Little Red Riding Hood Uncloaked: Sex, Morality, And The Evolution Of A Fairy Tale

“In Little Red Riding Hood Uncloaked Catherine Orenstein reveals for the first time the intricate sexual politics, moral ambiguities, and philosophical underpinnings of Red Riding Hood's epic journey to her grandmother's house–and how, from the nursery on, fairy tales influence our view of the world. Beginning with its first publication as a cautionary tale on the perils of seduction, written in reaction to the licentiousness of the court of Louis XIV, Orenstein traces the many lives the tale has lived since then, from its appearance in modern advertisements for cosmetics and automobiles, the inspiration it brought to poets such as Anne Sexton, and its starring role in pornographic films. In Little Red Riding Hood Uncloaked, Red appears as seductress, hapless victim, riot grrrrl, femme fatale, and even she-wolf, as Orenstein shows how through centuries of different guises, the story has served as a barometer of social and sexual mores pertaining to women. Full of fascinating history, generous wit, and intelligent analysis, Little Red Riding Hood Uncloaked proves that the story of one young girl's trip through the woods continues to be one of our most compelling modern myths.” –Amazon.com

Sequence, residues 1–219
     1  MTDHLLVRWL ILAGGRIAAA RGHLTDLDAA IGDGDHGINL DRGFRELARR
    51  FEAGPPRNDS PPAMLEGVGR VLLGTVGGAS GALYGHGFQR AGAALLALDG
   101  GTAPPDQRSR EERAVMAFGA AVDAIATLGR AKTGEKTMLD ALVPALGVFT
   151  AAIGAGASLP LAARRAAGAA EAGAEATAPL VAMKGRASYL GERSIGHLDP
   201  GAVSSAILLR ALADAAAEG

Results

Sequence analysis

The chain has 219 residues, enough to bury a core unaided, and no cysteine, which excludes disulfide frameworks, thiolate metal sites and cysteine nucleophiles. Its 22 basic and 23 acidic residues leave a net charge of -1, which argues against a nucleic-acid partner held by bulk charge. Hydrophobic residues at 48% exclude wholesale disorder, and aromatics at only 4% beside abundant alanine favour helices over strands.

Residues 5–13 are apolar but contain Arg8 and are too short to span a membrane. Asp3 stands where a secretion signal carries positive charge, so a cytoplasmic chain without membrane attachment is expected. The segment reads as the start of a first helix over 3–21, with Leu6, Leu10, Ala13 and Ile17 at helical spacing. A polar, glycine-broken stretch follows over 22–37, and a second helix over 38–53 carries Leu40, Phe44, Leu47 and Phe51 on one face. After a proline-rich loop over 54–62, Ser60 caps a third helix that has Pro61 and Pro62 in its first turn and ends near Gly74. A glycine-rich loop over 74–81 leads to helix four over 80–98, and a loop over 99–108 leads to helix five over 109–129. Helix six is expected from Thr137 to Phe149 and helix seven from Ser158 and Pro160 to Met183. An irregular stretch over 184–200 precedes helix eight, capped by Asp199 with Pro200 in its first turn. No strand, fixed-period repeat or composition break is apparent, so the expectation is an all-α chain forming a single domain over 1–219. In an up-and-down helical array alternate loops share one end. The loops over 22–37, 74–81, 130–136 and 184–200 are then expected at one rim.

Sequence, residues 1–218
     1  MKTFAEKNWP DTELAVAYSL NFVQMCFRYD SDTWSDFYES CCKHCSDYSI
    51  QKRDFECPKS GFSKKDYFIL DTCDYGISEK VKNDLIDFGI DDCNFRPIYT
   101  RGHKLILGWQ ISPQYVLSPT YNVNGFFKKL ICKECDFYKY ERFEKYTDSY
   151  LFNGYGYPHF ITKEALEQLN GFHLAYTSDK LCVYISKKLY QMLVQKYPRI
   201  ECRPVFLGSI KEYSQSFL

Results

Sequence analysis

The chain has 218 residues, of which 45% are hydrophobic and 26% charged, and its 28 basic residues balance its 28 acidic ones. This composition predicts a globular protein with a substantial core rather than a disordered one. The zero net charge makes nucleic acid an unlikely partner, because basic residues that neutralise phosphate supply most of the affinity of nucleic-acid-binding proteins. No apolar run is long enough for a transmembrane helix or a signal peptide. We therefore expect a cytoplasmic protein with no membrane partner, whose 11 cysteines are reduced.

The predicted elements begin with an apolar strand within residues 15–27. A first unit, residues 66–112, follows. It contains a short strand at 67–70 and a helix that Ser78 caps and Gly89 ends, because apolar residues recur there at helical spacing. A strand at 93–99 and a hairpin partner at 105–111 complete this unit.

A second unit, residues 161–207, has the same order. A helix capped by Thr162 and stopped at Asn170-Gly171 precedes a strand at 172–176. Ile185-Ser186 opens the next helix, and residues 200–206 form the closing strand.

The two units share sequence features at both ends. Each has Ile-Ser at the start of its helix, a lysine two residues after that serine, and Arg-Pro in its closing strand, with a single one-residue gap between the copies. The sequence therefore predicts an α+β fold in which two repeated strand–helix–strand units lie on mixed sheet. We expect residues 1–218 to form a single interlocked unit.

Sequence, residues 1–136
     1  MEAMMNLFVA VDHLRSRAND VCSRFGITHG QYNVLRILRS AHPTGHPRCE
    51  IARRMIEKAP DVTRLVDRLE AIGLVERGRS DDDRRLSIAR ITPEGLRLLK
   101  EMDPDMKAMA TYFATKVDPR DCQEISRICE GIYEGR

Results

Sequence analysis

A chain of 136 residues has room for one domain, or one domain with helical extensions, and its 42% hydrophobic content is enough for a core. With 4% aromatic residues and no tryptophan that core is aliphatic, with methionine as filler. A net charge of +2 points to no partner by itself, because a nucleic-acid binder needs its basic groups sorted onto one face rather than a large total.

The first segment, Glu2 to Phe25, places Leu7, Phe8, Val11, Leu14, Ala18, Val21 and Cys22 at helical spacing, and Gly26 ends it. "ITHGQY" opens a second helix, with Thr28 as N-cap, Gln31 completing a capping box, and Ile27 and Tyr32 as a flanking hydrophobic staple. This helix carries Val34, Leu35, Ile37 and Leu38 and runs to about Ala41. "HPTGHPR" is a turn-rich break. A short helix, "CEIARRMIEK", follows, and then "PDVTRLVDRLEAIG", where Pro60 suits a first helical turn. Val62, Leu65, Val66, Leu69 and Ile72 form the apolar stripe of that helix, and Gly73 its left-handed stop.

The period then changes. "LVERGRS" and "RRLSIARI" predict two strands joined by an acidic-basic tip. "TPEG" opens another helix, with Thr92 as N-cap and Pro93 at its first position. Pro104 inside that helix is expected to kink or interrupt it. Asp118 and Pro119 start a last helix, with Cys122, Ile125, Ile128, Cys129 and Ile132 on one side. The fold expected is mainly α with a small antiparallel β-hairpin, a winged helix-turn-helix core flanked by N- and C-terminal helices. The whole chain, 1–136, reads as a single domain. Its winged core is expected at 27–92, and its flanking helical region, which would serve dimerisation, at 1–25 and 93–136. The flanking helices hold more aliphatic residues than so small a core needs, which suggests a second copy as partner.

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“Once upon a time, Red Riding Hood was a good little girl. When she foolishly strayed from the path in the forest and spoke to strangers, she fell prey to the wicked wolf, but, fortunately, the heroic woodcutter rescued her just in time. Today’s versions of the popular fairy tale tell a different story: for example, in the 1996 movie Freeway, the paved-over forest is full of gangs, guns, and wolves, but the teenager is her own savior. And what about that wolf in drag? With wit and insight, Orenstein makes us look again at the old childhood story, how it has changed and what that says about us. From Perrault and the Brothers Grimm to Bruno Bettelheim and Andrea Dworkin, the lively informal narrative surveys the stories and the scholarship in terms of folklore, psychology, feminism, and pornography. It’s as reader that Orenstein is most insightful. Never self-righteous, she shows that the story’s power lies in the truth that we are all a bit of everything: girl, grandmother, woodcutter, wolf.” Hazel Rochman, Booklist
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